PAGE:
The issue of rising housing prices has been a growing concern for economists and policy makers, as first home buyers are increasingly being pushed out of the market.

This article will discuss planned changes to Stamp Duty exemptions and concessions and is the second segment in a three part series covering the Victorian government’s recently proposed measures to help first home buyers enter the market.

It is important to note that all initiatives are subject to approval by the Victorian Parliament, which will likely come in June 2017. In particular, stamp duty conces only contracts entered into after 1 July 2017 will be eligible for these concessions.

Firstly, what is stamp duty?

Stamp duty is a tax levied on legal documents which involve a transfer of ownership of property. It is generally paid by the buyer and is often roughly 5 or 6% of the dutiable value of the property, with dutiable value calculated as contract price less allowable deductions. Duty amount and rate varies across different states. In particular, stamp duty in Victoria can be calculated using this online tool. (Link:

Changes to Stamp Duty for First Home Owners

Currently, First Home Owners who purchase a property are eligible for a 50% duty concession on homes with dutiable value of $600,000 or less. This is set to change to offer a full exemption from stamp duty for properties with dutiable value $600,000 or less, and concessions calculated on a sliding scale (Link: for properties with dutiable value $600,001 to $750,000. These benefits are available to all purchasers who satisfy the First Home Owner Grant eligibility criteria. (Link:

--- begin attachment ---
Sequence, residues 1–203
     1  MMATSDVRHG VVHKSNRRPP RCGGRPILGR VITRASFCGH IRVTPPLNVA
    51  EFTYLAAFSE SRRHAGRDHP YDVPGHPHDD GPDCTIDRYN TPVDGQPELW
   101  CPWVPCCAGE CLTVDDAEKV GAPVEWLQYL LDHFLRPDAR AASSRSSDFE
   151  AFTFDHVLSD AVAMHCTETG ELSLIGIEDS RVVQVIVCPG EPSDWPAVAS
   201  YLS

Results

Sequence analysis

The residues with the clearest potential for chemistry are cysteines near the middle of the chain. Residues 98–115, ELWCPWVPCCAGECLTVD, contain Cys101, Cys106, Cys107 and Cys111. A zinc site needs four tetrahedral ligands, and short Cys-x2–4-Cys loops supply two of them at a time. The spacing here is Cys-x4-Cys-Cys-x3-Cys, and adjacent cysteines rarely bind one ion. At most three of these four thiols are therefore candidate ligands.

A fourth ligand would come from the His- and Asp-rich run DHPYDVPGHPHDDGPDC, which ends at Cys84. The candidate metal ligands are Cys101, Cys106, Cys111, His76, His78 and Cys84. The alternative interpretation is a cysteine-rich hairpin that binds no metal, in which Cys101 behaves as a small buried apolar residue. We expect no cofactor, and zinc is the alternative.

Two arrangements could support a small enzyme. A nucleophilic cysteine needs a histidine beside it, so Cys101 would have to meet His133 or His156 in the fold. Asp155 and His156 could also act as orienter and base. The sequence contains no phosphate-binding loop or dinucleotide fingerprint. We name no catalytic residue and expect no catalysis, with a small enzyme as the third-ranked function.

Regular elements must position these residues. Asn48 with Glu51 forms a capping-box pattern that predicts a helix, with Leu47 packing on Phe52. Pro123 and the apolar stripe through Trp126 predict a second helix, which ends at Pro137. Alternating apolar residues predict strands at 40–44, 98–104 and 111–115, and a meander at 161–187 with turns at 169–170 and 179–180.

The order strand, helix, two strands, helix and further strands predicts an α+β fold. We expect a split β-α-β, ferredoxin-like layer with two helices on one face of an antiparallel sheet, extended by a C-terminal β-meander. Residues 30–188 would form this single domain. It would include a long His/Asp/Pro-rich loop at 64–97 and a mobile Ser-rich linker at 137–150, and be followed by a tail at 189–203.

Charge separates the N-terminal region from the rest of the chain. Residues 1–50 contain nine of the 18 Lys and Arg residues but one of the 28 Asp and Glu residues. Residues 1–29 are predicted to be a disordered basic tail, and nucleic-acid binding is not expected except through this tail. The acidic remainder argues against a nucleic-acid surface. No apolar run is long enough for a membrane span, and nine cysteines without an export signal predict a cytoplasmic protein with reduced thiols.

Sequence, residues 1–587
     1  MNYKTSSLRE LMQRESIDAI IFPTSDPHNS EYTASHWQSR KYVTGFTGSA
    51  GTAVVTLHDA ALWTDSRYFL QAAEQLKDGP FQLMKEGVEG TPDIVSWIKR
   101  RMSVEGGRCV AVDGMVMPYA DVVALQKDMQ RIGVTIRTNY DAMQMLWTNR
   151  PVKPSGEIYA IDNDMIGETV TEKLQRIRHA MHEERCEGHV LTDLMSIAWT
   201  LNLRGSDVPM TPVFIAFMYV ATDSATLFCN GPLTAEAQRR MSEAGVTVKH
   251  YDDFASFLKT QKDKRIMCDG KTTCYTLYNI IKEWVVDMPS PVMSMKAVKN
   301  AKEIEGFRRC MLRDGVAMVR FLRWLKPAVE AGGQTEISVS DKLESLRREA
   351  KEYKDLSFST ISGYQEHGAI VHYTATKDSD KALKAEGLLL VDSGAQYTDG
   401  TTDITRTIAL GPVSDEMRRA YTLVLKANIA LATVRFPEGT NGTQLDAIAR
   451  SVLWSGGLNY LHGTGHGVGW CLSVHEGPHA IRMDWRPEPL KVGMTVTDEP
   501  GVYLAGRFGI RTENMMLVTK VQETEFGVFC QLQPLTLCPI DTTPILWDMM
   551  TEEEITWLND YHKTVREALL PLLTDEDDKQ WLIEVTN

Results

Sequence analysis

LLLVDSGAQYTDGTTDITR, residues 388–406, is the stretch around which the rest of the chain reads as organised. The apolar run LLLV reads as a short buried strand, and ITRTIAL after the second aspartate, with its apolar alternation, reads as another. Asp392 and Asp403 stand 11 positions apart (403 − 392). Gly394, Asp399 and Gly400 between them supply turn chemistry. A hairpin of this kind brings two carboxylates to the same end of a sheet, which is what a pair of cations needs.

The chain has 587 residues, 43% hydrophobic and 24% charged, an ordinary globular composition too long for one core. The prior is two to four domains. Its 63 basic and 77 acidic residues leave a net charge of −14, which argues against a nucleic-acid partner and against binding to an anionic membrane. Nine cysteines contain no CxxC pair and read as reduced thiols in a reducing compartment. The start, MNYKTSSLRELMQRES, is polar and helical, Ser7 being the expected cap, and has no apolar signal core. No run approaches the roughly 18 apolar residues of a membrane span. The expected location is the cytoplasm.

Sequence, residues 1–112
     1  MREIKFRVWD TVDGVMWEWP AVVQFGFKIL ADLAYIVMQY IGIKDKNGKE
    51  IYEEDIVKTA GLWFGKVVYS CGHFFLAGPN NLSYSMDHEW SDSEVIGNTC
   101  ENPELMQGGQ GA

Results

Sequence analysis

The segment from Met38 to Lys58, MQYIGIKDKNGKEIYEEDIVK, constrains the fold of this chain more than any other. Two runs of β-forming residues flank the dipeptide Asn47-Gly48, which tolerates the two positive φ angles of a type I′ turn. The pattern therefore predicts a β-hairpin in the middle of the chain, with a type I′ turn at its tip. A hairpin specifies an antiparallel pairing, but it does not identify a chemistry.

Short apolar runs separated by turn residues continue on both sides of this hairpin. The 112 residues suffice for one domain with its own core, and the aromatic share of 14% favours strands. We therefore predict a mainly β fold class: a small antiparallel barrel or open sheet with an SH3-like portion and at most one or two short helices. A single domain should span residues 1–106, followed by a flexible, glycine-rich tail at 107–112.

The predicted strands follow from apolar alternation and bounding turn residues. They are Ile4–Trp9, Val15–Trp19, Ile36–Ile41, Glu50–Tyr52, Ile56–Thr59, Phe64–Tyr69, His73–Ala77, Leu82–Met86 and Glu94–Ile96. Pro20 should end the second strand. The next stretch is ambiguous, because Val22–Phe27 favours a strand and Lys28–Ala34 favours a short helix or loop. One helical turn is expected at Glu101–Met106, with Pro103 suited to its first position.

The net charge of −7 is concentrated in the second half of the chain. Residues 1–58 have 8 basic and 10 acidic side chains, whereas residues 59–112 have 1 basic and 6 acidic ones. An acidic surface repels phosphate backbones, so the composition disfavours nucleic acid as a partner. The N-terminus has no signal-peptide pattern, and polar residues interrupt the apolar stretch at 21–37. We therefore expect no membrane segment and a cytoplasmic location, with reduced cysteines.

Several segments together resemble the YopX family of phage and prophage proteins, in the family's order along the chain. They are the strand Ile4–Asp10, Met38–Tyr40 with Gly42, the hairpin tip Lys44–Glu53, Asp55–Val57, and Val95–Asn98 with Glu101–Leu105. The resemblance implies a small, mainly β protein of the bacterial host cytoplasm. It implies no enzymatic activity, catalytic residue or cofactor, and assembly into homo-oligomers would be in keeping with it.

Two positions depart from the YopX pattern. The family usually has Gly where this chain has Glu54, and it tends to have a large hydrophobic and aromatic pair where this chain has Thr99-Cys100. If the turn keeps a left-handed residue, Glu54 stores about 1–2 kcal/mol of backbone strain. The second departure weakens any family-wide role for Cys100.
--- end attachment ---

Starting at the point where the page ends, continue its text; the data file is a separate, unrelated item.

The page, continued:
Changes to Stamp Duty for Off-the-plan (OTP) purchases

Existing stamp duty concessions are available for buyers who purchase a home Off-the-plan (OTP). OTP refers to the purchase of property where the contract to buy is signed before the property has been built, as is often the case with apartments. For these purchases, stamp duty is only applied to the OTP dutiable value, which is calculated as the purchase price minus construction and refurbishment costs.

Proposed changes to these concessions on off-the-plan purchases restrict the accessibility of these concessions to buyers who intend to occupy the property as a home. This means that holiday homes, investments and commercial properties will no longer be eligible for these concessions under the proposed new ruling. Furthermore, properties with dutiable value over a certain threshold (Link:  will not be eligible.

What does this mean?

Expect a drop in apartment commencement rates as the attraction of purchasing an apartment off-the-plan purely as an investment diminishes. These measures will contribute to tip the scales in favour of owner buyers, as many of the key benefits are being targeted towards this struggling segment.